Here, we see how Nanha and Manohar make revisions to the original, based on their sensibilities, drawing from the existing Mughal miniature painting tradition that they were trained in. They have reduced the number of figures, rendering them in a softer, rounded form compared to the muscled, anatomical figures in the Collaert engraving. They also deploy the use of color to distinguish between the saved and the damned — bright colors for the believers and muted shades for the non-believers. 

Mother Mary as an Exemplary Pious Woman

The Virgin Mary is an important figure in Islam, alongside Jesus. She is mentioned 34 times in the Quran — more than in the New Testament. The Mughal painting ateliers churned out multiple images of the Virgin and Child, either borrowing directly from European engravings or creating paintings that reinterpreted and reimagined the subject. Let’s look at two of these. 

The mughal painting of the Madonna and Child mirrors the composition of the Madonna by the Tree, by the German artist Albrecht Dürer. The Mughal painting retains the elements the artists considered useful, such as the use of aerial perspective, the voluminous folds of Mary’s dress and the way in which she lifts the Christ child toward her face. However, the accompanying verse comes from the Quran, rather than the Bible. 

And also We made the son of Mary and his mother a sign to mankind, and gave them a shelter on a peaceful hillside watered by a fresh spring, Quran 23:50

In contrast, a 1598 miniature painting attributed to either Basawan or Manohar, depicts a light-skinned woman reclining on a carpet while nursing an infant, resembling the images of Mary and Christ, were it not for slight differences that set it apart. In Christian depictions, the Madonna sits upright, cradling the baby in her arms and only her nursing breast is exposed while her eyes are turned towards the baby in a maternal gaze. In the Mughal version, both breasts are uncovered and her head is turned away from the baby, with a distant gaze and lack of emotion as she idly supports him with one hand.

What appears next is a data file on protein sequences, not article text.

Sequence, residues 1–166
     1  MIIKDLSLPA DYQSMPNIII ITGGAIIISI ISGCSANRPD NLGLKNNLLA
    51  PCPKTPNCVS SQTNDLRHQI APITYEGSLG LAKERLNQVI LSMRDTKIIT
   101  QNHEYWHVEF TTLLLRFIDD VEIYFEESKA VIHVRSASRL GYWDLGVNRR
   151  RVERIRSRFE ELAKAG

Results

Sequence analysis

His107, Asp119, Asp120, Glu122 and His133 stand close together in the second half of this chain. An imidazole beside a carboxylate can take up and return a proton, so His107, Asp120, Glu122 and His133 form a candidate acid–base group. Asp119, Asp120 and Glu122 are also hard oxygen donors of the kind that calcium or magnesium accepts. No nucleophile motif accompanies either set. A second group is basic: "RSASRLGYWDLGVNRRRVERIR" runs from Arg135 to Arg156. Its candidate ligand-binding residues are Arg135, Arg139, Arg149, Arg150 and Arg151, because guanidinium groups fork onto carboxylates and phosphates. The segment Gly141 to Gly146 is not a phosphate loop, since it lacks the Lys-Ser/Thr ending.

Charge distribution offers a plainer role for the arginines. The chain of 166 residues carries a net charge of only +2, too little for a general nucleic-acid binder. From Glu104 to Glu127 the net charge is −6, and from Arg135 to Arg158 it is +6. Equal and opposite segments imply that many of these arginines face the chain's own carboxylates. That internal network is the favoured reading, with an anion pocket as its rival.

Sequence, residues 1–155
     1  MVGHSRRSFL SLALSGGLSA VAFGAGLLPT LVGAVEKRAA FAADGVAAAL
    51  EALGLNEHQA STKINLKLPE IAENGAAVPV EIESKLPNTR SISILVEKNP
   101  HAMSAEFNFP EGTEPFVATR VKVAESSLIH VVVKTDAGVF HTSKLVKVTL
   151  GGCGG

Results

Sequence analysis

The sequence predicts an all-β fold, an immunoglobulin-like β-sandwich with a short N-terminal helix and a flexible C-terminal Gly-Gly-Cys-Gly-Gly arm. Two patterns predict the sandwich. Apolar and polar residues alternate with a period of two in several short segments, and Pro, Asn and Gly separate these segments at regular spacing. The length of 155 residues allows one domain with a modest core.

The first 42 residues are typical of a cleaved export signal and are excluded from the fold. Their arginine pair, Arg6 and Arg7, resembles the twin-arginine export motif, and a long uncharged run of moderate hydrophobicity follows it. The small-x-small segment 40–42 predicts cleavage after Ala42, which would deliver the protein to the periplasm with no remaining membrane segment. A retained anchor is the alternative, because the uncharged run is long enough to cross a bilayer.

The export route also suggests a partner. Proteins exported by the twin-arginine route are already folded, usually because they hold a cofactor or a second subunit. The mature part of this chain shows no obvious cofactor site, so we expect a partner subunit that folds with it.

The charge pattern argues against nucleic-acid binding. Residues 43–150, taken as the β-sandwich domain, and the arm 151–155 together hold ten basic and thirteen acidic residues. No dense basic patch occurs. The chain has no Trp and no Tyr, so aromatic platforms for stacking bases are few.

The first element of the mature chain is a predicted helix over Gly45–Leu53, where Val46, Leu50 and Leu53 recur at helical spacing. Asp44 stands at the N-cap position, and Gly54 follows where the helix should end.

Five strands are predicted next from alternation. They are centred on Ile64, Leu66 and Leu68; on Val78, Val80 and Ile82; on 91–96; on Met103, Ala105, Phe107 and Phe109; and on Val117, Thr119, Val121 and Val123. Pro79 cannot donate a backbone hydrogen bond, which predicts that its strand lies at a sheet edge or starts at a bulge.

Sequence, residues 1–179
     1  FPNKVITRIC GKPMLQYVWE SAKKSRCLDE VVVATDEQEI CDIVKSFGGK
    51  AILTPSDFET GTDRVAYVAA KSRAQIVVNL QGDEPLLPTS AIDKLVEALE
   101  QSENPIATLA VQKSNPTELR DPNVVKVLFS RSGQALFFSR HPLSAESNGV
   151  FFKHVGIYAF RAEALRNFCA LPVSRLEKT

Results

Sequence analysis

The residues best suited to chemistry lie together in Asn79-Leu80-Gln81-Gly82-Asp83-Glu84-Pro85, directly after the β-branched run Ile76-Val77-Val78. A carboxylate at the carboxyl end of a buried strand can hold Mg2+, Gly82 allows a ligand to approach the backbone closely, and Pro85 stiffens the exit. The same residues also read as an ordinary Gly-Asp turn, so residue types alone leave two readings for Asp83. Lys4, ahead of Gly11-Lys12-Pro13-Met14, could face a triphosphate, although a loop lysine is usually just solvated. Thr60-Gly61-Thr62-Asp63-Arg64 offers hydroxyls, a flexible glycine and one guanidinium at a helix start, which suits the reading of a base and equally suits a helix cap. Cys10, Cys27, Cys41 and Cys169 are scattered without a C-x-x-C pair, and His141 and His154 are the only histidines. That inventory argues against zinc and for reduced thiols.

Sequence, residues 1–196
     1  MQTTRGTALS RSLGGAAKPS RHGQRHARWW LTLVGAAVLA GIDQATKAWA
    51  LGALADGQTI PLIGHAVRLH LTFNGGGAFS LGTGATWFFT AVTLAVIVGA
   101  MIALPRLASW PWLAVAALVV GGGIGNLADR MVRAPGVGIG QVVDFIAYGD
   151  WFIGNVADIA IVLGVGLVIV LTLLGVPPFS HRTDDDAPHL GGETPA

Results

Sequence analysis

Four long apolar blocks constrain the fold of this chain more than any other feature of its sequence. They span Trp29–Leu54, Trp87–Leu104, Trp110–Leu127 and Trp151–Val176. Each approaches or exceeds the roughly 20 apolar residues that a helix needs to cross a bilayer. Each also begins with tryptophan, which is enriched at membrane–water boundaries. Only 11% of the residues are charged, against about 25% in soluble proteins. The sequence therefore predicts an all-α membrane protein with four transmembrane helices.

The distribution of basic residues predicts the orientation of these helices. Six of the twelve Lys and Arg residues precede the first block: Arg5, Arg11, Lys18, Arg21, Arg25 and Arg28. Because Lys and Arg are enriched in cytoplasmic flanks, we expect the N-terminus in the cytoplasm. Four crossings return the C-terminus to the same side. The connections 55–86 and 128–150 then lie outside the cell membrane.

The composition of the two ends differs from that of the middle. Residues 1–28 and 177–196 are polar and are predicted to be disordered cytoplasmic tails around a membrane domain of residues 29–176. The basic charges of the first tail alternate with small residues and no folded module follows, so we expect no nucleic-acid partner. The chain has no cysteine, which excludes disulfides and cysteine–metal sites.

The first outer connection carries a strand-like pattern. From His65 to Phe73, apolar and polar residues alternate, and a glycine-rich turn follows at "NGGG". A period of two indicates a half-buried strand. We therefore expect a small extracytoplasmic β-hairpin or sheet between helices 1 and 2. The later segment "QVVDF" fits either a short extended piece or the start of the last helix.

Abiding Influences on Mughal Art

Mughal artists were predominantly working from illustrated Bibles, prints and images copied from one another. At the same time, they were not directly copying the engravings but imbuing them with their own stylistic conventions and adapting them to suit their own cultural and religious context.

We have mostly looked at examples of images made after European engravings and paintings, but it is worth noting that Mughal ateliers would adopt European iconographies — such as putti, cherubs, and halos — in paintings depicting secular subjects such as portraits of their rulers. Apart from the symbols and themes of these paintings, they also absorbed European painterly conventions such as the use of chiaroscuro and linear perspective.

The creation and circulation of images on Christian subjects and the use of iconography with biblical connotations in Mughal India perhaps had more to do with a fascination with a new visual language and its cosmopolitanism, rather than a belief in the religious faith. While the Jesuit missionaries may have hoped to evangelise the Mughal elite, their presence is perhaps most visible today through the Christian imagery that proliferated the paintings produced in Mughal ateliers.